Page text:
The Londonderry Air - Testament of an Ulster Gunman
“The Londonderry Air” is one of the very few novels devoted to the Protestant view of what became known as the “Irish Troubles,” but it does so without the purpose of a political statement, but rather describing the life of an angry Protestant civilian through the testament of an Ulster gunman. More
It all changed for Charles Cunningham, a Physics teacher at the local College of Technology in the County Derry town of Maddenstown, on a June afternoon in 1973 when a bomb exploded in his neighborhood. Up to that day, he had kept himself aloof from the troubles in Ulster, but his feelings would change within the next few hours after the blast. He was angry and sickened at the wanton murder of his great-aunt and of the other victims, and he was ashamed of his ignorance of first-aid techniques and of his revulsion at the smell of blood and roasted flesh. Here he was, an able-bodied man in his mid-twenties, selfishly following his own desires while a war was going on around him, and he was relying on others to defend him.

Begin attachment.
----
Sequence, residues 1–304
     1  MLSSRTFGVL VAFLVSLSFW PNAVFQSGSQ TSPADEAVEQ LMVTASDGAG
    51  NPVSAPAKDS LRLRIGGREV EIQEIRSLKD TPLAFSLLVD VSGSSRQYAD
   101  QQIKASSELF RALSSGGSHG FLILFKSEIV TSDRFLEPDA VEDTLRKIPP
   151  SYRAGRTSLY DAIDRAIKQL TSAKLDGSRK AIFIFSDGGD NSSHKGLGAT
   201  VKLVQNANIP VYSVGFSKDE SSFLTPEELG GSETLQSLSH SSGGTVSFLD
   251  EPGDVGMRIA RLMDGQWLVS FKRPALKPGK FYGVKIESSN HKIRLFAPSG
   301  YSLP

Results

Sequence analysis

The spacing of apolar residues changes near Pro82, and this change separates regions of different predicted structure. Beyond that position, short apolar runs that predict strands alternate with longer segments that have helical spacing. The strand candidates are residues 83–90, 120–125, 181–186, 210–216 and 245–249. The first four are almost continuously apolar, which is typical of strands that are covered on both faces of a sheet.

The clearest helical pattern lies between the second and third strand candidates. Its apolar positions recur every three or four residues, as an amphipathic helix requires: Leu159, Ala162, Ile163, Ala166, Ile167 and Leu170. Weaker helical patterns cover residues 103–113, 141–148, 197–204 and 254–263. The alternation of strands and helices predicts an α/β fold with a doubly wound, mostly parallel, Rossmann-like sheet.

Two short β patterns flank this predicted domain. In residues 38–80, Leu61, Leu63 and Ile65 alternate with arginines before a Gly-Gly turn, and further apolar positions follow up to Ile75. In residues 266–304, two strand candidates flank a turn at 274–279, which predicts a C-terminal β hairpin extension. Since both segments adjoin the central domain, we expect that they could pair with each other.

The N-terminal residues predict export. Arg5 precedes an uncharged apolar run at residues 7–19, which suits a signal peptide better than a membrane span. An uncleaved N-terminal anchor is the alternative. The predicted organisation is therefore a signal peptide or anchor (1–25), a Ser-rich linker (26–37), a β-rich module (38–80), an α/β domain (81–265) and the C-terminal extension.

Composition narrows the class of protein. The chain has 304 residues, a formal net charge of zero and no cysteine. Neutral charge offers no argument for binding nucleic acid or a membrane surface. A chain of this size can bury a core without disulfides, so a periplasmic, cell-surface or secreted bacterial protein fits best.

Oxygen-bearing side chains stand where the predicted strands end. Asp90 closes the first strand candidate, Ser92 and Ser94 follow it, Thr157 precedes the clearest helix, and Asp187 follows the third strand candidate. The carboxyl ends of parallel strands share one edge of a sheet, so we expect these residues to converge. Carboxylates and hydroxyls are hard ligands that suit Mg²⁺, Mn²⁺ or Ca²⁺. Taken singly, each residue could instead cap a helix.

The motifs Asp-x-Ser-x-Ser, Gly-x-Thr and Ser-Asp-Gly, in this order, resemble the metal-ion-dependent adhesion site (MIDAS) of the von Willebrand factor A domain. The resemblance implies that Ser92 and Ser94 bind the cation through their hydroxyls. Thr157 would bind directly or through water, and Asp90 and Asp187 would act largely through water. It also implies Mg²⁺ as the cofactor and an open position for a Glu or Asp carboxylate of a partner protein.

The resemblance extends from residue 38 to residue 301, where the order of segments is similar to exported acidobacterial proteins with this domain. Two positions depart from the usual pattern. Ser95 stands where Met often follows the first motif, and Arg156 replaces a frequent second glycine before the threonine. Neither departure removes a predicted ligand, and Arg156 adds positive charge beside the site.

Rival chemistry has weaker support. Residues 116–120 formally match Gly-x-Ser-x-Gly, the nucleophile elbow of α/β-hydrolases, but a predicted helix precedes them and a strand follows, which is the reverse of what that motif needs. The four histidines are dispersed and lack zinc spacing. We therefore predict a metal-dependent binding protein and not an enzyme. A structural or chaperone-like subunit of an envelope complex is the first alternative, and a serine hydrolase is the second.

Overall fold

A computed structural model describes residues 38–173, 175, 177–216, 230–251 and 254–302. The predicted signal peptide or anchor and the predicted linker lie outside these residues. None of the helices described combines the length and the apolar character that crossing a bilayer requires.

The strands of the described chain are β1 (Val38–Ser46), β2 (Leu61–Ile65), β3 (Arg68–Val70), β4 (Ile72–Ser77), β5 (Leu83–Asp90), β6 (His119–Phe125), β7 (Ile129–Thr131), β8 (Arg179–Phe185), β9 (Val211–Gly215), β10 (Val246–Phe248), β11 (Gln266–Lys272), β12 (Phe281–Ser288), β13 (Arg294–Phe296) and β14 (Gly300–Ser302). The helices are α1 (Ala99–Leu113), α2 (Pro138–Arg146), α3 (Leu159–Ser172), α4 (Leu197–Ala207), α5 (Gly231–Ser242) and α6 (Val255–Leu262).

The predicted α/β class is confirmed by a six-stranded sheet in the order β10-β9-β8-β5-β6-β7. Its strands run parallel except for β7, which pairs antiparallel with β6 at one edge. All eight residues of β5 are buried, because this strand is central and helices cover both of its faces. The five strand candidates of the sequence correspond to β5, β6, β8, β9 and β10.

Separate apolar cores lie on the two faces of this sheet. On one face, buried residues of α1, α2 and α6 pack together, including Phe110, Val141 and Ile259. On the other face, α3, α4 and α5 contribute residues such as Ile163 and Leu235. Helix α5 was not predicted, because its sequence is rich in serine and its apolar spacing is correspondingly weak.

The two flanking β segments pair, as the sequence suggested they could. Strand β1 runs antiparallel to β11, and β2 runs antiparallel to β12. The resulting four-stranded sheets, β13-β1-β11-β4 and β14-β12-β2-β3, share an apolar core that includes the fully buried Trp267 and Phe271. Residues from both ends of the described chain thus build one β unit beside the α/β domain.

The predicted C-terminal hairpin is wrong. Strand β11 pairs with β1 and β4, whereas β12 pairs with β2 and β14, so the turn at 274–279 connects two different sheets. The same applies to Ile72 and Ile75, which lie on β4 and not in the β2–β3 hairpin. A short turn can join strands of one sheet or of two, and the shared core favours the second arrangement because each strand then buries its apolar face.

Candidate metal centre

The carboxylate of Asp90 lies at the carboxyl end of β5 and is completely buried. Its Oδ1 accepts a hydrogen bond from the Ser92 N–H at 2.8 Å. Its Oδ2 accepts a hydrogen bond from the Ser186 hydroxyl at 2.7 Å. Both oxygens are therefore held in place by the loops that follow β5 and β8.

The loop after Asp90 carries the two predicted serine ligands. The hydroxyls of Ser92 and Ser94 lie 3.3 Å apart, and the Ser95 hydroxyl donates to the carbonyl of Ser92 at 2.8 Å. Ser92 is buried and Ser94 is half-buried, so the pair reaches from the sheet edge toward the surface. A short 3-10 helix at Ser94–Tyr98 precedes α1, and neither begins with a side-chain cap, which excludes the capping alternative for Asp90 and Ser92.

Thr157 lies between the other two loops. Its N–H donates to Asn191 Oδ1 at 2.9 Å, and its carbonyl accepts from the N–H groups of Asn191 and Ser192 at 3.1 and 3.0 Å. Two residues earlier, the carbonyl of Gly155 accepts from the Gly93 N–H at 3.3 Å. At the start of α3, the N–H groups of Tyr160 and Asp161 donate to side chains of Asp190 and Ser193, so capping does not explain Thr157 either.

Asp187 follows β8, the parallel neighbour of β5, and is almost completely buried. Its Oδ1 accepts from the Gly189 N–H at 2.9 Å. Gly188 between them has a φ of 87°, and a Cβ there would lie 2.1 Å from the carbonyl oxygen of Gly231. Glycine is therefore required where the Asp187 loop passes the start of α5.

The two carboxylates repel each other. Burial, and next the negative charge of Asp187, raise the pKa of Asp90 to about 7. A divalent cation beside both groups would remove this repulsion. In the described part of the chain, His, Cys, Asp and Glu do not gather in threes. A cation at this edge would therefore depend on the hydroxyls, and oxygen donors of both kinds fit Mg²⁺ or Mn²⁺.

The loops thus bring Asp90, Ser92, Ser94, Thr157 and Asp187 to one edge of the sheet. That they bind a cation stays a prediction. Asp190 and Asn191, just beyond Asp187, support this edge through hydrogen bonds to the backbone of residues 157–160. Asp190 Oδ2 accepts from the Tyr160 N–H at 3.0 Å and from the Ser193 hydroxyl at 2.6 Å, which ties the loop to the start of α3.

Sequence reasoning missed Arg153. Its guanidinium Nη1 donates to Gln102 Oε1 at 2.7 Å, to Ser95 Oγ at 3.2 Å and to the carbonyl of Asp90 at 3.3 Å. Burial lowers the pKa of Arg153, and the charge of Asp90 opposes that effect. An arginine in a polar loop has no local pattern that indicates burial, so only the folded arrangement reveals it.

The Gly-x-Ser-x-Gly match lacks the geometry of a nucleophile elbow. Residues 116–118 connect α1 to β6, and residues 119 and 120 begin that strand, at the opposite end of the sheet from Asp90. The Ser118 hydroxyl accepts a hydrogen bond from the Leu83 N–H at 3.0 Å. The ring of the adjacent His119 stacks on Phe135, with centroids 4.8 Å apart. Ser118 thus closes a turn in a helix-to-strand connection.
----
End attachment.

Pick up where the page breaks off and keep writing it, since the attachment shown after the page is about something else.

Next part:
Consequently, he answers an advertisement by the UDR, the Ulster Defence Regiment, where he receives military training, and serving part-time absorbs a great deal of his leisure activities. However, he can’t help feeling that the UDR’s mission of protecting the Protestant population might not be enough for him in the long run. Charles wants to become more pro-active, not only to bring the Republican perpetrators to justice, but to invalidate them and, if necessary, to kill them.
In the time to come, he will experience the consequences of his decisions, and how his involvement complicates matters with family and friends, Protestants and Catholics alike, to an unexpected degree.
With “The Londonderry Air – Testament of an Ulster Gunman” Garrad Gawler describes in minute detail and with an astonishing level of authenticity not only the inner workings of the Ulster Defence Regiment, but also the activities of underground paramilitary groups of regular citizens who planned and carried out the assassination of suspected Republican terrorists in their neighborhood.
“The Londonderry Air” is one of the very few novels devoted to the Protestant view of what became known as the “Irish Troubles,” but it does so without the purpose of a political statement, but rather describing the life of an angry Protestant civilian through the testament of an Ulster gunman.